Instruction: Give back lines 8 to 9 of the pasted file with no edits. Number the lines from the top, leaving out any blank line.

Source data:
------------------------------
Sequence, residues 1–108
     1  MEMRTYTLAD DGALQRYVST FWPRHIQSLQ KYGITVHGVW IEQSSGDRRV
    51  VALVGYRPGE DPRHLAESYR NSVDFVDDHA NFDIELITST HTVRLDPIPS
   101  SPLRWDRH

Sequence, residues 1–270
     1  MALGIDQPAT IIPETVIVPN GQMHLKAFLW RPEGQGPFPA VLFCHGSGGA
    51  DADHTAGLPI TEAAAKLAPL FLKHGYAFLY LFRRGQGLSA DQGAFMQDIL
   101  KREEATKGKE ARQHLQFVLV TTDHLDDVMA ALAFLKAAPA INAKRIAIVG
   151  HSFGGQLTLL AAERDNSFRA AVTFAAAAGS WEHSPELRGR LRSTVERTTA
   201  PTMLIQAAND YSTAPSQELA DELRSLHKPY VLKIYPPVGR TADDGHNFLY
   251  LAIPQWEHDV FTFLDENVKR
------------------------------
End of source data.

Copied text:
   101  KREEATKGKE ARQHLQFVLV TTDHLDDVMA ALAFLKAAPA INAKRIAIVG
   151  HSFGGQLTLL AAERDNSFRA AVTFAAAAGS WEHSPELRGR LRSTVERTTA